Another point listed by the group proclaims it will not allow for peace and security to be “violated by the imperialists, the usurpers, and the arrogant, particularly America.” The rhetoric is telling: “the arrogant” is a stock expression used by Iran’s clerical leadership and it’s frequently tweeted by Khamenei’s own Twitter account to refer to the United States.
Worse—much worse—KJI recently held a memorial service which featured its secretary general praising Hezbollah. The event focused on the “martyrdom” of Jihad Mughniyeh, the son of Hezbollah’s arch-terrorist Imad Mughniyeh, who was blown up in 2008 in a joint U.S.-Israeli operation. The younger Mughniyeh had become a protégé, almost like a son, to the infamous Iranian Quds Force commander Qasem Suleimani. A Hezbollah flag was attached to the lectern and KJI posters venerating the younger Mughniyeh and Lebanon’s Hezbollah were festooned on the walls behind the speaker, who was none other than KJI Secretary General Ahmed al Assadi.
As it happens, al Assadi is the spokesman for the Popular Mobilization Force, suggesting the entire umbrella organization under which Iraq’s Shia militias operate is more beholden to a foreign power than to Baghdad.
Of course, this is just as Tehran would have it. It’s always been in Iran’s interests to promote the narrative that all Shia militias are working on its behalf, and American officials looking at the situation in Iraq should not fall into that trap. But neither should they have any illusions.
The overwhelming majority of Shia joining militias are not Khomeinists; they simply wish to defend their country. That needs to be understood and taken into account from the American point of view, and perhaps exploited. But we shouldn’t kid ourselves about the nature of the organizational leadership that exists now.
If the U.S. goal is to find or develop Shia militias with less Iranian influence, it’s going to face a lot of challenges. The Quds-Force-affiliated groups have a marked advantage in promoting themselves. They have Facebook pages and websites, or course, and in many cases they also have their own TV stations.
Due to the situation on the battlefield and the way supplies are routed, independent operations by less pro-Iran groups are harder to pull off. Meanwhile, training regimens are being centralized under the Popular Mobilization Force with its own “Directorate of Ideological Guidance.” Thus, identifying smaller new groups with less of a tie to Tehran is going to become increasingly difficult.
So, do Shia militias exist that are independent or unhappy with Iran’s increasing levels of control over Iraq’s security apparatuses? The answer is a tentative yes. Indeed, one of these militia/political groups might fit that description, and it reportedly has tens of thousands of members. But it’s not exactly a popular group in Washington.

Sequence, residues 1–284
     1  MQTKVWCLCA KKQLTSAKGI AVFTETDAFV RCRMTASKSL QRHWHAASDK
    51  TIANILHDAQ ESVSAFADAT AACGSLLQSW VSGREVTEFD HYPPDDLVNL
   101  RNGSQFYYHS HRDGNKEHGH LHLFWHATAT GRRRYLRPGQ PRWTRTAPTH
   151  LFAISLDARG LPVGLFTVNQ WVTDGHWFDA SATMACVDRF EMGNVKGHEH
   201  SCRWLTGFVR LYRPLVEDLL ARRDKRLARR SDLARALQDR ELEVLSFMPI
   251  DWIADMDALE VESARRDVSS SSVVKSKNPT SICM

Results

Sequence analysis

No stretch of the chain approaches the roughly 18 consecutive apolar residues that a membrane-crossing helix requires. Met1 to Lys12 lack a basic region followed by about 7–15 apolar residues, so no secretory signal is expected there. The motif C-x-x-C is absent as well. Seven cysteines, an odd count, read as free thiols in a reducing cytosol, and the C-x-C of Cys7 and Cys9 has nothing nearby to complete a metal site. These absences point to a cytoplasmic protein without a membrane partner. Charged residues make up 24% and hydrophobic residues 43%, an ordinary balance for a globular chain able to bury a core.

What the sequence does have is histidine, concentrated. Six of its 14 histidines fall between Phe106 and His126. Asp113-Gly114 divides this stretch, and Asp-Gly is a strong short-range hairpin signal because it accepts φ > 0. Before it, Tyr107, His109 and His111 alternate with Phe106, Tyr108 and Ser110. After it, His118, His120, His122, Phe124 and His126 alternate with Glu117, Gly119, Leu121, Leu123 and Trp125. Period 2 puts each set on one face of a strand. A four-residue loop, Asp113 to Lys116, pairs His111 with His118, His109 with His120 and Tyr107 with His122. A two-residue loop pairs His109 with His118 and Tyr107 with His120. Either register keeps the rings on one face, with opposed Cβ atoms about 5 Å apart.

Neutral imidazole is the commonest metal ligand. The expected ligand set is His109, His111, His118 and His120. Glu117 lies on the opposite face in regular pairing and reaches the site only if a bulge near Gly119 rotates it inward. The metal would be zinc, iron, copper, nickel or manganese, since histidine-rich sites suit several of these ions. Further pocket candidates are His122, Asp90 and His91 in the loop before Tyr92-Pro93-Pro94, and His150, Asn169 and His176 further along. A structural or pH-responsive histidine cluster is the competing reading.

The scabrous anti-American cleric Muqtada al Sadr could present a body of fighters which, in a roundabout way, could counter both ISIS and Tehran. His troops these days are called the Peace Brigades, and they are essentially a new incarnation of the Mahdi Army, which was used by the Iranians as a proxy during the American occupation of Iraq, fighting coalition forces and killing scores of them. And Sadr’s followers are not exactly inclined to cooperate with U.S. forces now. Fighters belonging to his Peace Brigades even claimed to suspend operations during the battle in Tikrit in protest against the use of American airpower in Iraq. Sadr has a history of ethnic cleansing and also of attacks on coreligionists, particularly more moderate players, including the horrific murder by his supporters of Sayyid Abdul Majid al Khoei in 2003.
Yet, if the priority is to counter Iran while fighting ISIS, an American modus vivendi with Sadr may be necessary. Certainly the modus vivendi between Sadr and Tehran is not going well. The Iranians have built up numerous Sadrist splinter groups that put pressure on the leader. At the same time, Sadr’s criticism of the actions of Iranian-controlled militias and his more nationalistic tone—going so far as to suspend his group’s activities after the slaying of an Iraqi Sunni tribal leader—certainly demonstrates a shift.
Does Washington have the capacity and willingness to manipulate these differences and use them? To do so, policymakers will have to admit they are now engaged in a “Great Game” style of conflict, working with Tehran as the two parties roll back the genocidal “Islamic State,” yet working against it on other fronts, all in the context of myriad splinter groups and rivalries that the Iranians have spent many years understanding and exploiting.
The Americans, if they deepen their involvement—and there is every reason to believe they will—would do well to remember the maxim of Colonel Creighton, an officer, an anthropologist and a spy who was Rudyard Kipling’s great fictional player of the Great Game in India: “There is,” he said, “no sin so great as ignorance.”